rmwtvqn5rzu-jesse-orrico-300x199If your child plays football or another contact sport in Vista, it is important to learn more about a recent study suggesting that other hits to the head—and not just concussions—can cause chronic traumatic encephalopathy (CTE). According to a recent report in the Washington Post, a new study has examined the brains of teenage athletes and has determined that signs of CTE appear even when those teen athletes did not sustain concussions but simply received hits to the head.

Since information about CTE and traumatic brain injuries (TBIs) entered into our lexicon, we have been taught that concussions are the cause of this degenerative disease. Now, however, it looks as if blows to the head that are not severe enough to cause a concussion may also result in this debilitating and ultimately deadly disease.

Concussions May be Irrelevant in Triggering CTE

joao-victor-xavier-304057-copy-300x169If your teenager plays contact sports or engages in other activities in San Clemente that increases his or her risk of a concussion, is it better to avoid these sports altogether? Do the benefits of team sports and individual recreational activities outweigh the potential harms associated with a mild traumatic brain injury (TBI)? According to a recent report from NPR, teens may be sustaining concussions at a higher rate than most parents would like to believe. The report cites a research letter that was recently published in the peer-reviewed journal JAMA, which indicates that “approximately 20 percent of teens . . . have been diagnosed with at least one concussion.”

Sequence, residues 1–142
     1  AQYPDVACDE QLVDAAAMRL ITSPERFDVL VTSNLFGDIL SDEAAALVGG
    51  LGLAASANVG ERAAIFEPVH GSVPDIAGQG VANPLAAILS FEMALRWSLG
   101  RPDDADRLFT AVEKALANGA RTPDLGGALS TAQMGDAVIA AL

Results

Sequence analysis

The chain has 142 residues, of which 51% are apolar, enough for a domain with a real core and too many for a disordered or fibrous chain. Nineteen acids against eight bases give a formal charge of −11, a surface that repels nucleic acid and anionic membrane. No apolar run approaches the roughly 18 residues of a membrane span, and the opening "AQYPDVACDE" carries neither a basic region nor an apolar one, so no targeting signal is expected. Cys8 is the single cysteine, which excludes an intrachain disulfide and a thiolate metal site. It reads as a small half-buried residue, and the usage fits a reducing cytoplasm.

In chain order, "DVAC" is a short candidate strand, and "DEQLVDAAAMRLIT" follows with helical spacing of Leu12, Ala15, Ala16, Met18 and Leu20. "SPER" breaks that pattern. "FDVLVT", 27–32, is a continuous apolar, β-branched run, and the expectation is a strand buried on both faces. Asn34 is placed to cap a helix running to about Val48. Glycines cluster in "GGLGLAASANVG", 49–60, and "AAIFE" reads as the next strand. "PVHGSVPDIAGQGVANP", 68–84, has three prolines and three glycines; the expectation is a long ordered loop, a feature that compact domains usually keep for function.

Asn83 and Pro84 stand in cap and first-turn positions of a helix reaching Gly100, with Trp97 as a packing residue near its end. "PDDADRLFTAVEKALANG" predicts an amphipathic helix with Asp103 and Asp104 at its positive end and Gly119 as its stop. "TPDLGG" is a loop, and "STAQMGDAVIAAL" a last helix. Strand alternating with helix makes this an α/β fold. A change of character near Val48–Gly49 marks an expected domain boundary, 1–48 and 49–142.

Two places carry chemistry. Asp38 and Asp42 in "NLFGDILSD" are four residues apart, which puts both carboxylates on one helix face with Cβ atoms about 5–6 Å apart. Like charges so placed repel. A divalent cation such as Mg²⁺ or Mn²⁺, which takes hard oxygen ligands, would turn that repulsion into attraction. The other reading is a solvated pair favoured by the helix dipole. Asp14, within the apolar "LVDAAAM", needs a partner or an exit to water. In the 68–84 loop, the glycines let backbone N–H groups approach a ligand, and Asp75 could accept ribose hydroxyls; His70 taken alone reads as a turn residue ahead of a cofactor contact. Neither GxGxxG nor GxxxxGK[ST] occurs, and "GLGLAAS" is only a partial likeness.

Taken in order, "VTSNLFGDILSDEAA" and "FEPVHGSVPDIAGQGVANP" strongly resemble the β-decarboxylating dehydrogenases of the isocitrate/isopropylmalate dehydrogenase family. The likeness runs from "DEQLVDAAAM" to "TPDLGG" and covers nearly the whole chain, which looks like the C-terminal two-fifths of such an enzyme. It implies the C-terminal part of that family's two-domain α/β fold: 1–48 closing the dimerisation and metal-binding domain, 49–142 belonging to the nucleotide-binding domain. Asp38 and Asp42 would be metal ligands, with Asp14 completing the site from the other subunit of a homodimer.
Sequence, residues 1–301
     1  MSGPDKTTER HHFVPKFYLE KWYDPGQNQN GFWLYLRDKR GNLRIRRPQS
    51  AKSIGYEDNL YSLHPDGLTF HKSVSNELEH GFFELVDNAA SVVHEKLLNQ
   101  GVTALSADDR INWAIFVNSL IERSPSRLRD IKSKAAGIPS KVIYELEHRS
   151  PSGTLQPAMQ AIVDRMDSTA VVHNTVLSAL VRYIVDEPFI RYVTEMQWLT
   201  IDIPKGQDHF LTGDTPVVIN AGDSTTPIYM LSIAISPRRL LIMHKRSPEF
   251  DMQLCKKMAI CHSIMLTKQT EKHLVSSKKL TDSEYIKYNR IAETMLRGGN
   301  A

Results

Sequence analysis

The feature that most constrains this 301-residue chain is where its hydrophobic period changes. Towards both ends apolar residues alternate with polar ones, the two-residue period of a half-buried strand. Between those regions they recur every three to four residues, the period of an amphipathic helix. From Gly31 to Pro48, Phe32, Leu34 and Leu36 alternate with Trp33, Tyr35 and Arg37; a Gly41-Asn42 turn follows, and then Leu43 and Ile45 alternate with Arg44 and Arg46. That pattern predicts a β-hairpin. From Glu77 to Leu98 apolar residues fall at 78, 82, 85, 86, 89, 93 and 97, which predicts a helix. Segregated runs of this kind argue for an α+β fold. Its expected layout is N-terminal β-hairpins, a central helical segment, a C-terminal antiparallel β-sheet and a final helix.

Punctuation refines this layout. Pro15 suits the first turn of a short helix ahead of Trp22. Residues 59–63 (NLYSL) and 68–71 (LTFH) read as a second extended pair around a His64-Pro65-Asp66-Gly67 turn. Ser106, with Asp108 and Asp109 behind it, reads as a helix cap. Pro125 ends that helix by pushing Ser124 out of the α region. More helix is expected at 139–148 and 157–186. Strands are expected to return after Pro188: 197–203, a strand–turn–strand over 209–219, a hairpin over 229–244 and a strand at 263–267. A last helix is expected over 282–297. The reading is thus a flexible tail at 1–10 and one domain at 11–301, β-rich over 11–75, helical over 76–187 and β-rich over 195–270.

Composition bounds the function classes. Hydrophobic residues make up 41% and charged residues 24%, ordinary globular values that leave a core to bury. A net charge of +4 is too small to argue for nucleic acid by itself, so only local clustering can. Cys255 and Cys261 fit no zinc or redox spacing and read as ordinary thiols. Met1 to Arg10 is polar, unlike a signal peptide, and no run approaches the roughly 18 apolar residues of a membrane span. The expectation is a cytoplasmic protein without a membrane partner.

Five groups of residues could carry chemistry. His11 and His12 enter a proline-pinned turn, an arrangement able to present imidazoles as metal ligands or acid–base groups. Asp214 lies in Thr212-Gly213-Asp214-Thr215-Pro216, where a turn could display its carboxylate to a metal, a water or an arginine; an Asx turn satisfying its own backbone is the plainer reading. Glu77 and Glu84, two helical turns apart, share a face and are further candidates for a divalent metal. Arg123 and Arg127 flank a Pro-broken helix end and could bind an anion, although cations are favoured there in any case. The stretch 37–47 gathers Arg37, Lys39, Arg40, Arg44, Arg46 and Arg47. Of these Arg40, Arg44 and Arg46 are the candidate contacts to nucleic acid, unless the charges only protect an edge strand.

What is causing teen concussions at such a high rate? What steps can parents take to reduce the risk of a TBI altogether, and to ensure that their child heals properly after sustaining a head trauma?

High School Students Surveyed About History of Head Injuries

joao-victor-xavier-304057-copy-300x169Is high school football in San Marcos really as dangerous as scientists and physicians have been suggesting? Does playing high school football increase young athletes’ risk for sports-related concussions and more serious traumatic brain injuries (TBIs), in addition to placing them in danger of developing the degenerative brain condition known as chronic traumatic encephalopathy (CTE)? Most physicians would say, in general, yes. However, according to a new study published in JAMA Neurology, not all high school football players appear to have sustained long-term damage from playing the sport in their youth. High school football players in the 1950s did not, on the whole, show signs of cognitive impairment.

This study appears to call into question some of the recent research on TBIs and high school football. What are the key takeaways from this study, and should this research change the way we manage the risk of brain injuries in contact sports?

Study Explores Link Between Youth Sports-Related Concussions and Long-Term Cognitive Health

rmwtvqn5rzu-jesse-orrico-300x199Many residents of Oceanside have followed news about sports-related concussions and the lifelong effects of traumatic brain injuries (TBIs). According to a recent article in the Washington Post, scientists have developed a new way of tracking and identifying a protein that may help to address the link between contact injuries and the risks of brain damage in athletes. How can a protein help to address TBIs in sports?

In brief, the protein may be able to help researchers develop better tests for identifying TBIs and treating them more quickly. What is this protein, exactly, and how might it be able to help residents of Oceanside and other areas of Southern California to obtain better treatment for brain injuries?

Learning More About the Protein Called “NFL”